Hillary Clinton Scores Solid Victory Over Bernie Sanders In Nevada
Hillary Clinton pulled off a strong win that promises to set up a string of victories that will likely leave Bernie Sanders in the dust.
Despite the uncertainty that I spoke of this morning, Hillary Clinton pulled off a clear victory today over Vermont Senator Bernie Sanders in the Nevada Democratic Caucuses, setting her campaign up for a string of victories that will likely mean that the race for the Democratic nomination is effectively over by mid-March:
LAS VEGAS — Buoyed by the support of enthusiastic workers in the city’s big casinos, Hillary Clinton defeated Senator Bernie Sanders in the Nevada caucuses on Saturday, thwarting his momentum and proving to an anxious Democratic Party that she maintains strong support among minority voters that she can carry to a general election.
Mrs. Clinton’s campaign breathed a sigh of relief on Saturday as the results of the often-unpredictable campaign began to roll in. At a caucus at the famed Caesar’s Palace, blackjack dealers, pit bosses, cooks and housekeepers excitedly declared their support for the former secretary of state.
“She’ll change immigration. She’ll change the economy. She’ll change todo!” said Dora Gonzalez, 54, a casino porter at the Bellagio, using the Spanish word for everything
“And she’s a mujer!” added her friend Elba Pinera, 51, and originally from Honduras, using the Spanish word for woman.
Mrs. Clinton had for months considered Nevada a haven that would provide a welcome shift from the mostly white electorates of New Hampshire and Iowa. But in recent weeks, Mr. Sanders’s populist message began to take hold and polls showed the two Democrats in a statistical dead heat. Her campaign, bracing for another loss, seemed to look beyond Nevada to the contest next weekend in South Carolina.
Still, early organizing in the state and a last-minute on-the-ground push by Mrs. Clinton’s campaign and its supporters paid off. And Mrs. Clinton, who is typically a reserved presence on the trail, seemed to embrace the quirkiness of campaigning in Las Vegas, posing for photographs with Britney Spears, who was in town for her show at Planet Hollywood, and even receiving the endorsement of 500 sex workers, mostly from Carson City brothels, who formed the “Hookers 4 Hillary” group.
Less than an hour before the caucuses began, Mrs. Clinton was shaking hands in the employee cafeteria at Harrah’s casino. “I need your help this morning, in the showroom at 11 a.m.,” she told the predominantly Spanish-speaking workers.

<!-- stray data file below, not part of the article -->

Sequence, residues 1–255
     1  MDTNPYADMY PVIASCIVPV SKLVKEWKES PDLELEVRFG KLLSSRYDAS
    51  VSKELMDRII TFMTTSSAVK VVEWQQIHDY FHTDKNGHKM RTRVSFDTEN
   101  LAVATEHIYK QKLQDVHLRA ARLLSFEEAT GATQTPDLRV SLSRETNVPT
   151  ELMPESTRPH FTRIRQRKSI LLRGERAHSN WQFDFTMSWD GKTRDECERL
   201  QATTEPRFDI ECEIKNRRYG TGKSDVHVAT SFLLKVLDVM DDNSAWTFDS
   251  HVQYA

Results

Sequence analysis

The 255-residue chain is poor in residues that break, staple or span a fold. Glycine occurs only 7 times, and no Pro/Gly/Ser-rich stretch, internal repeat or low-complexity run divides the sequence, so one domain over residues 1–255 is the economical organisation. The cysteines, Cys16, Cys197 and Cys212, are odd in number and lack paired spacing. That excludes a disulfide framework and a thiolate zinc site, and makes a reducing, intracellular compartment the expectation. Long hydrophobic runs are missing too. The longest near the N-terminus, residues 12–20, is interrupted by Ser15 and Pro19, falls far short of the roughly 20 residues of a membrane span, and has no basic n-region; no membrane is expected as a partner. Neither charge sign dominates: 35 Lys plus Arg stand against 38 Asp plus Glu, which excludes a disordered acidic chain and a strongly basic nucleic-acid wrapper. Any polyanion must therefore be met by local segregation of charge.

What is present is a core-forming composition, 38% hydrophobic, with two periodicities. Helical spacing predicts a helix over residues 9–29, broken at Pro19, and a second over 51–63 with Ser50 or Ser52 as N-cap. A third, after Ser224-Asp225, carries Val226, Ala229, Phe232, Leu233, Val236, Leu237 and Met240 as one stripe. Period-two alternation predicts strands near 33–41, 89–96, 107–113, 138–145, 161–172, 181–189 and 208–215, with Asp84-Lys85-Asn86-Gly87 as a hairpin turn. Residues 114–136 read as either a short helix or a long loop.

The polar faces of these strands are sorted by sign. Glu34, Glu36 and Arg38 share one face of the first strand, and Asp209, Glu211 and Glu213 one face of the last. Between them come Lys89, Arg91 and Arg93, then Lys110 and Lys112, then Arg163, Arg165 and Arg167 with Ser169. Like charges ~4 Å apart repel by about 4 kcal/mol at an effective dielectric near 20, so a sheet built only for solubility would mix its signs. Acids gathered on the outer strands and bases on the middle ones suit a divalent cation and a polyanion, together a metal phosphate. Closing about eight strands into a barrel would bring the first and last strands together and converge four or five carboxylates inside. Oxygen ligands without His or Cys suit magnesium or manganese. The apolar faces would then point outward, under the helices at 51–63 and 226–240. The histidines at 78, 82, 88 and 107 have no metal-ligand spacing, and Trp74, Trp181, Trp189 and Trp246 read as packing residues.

Mrs. Clinton’s victory was a serious setback for Mr. Sanders, who campaigned hard in Nevada in hopes that a surge of Latino and black voters would heed his call for a political revolution.
After soundly defeating Mrs. Clinton in predominantly white New Hampshire, Mr. Sanders was under pressure to show that he could attract the broad cross-section of Democrats necessary to win the party’s nomination.
Mr. Sanders did prove popular with many Hispanic voters, winning 53 percent of them to 45 percent for Mrs. Clinton in early entrance polls reported by CNN. But he fared poorly among African-American voters, earning support from only 22 percent of them, according to the entrance polls. Sanders advisers acknowledged on Saturday that his weak performance with African-Americans means he could face significant difficulties in the South Carolina primary on Saturday and the Super Tuesday states on March 1, many of which have large African-American populations.
In the five Nevada precincts with the highest percentages of African-American caucus goers, Mrs. Clinton swept, winning all 76 delegates.
The Nevada results were personally important for Mrs. Clinton, who struggled in 2008 to win caucus states, though she prevailed here against Barack Obama. In this campaign, she has won the two caucuses so far, here and in Iowa.
While her public schedule was relatively light, with just one rally per day, Mrs. Clinton poured herself into shaking hands and meeting the mostly minority workers who make the Las Vegas casinos run.
The Clinton family was staying at Caesar’s Palace, and their daughter, Chelsea, dropped in on volunteers in the heavily Latino East Las Vegas area and knocked on doors in a working-class suburb.
After weeks of shifting the focus of her message, Mrs. Clinton’s campaign seemed to hit a stride here, emphasizing her experience and her commitment to fighting for African-American and Hispanic voters. That message was accompanied by an intense attack on Mr. Sanders, questioning his capacity to deliver on his promises of major change, and also his commitment to African Americans and Latinos.
Herbert Gregory, 69, who has been a cook at Caesar’s for 22 years, said Mrs. Clinton’s experience as first lady, senator and secretary of state had earned his support.
“She’s more qualified than Bernie,” Mr. Gregory said as he waited in line to enter the ballroom where the caucus was to begin. “It’s very important, because we don’t want to see what Obama has done go down the drain.”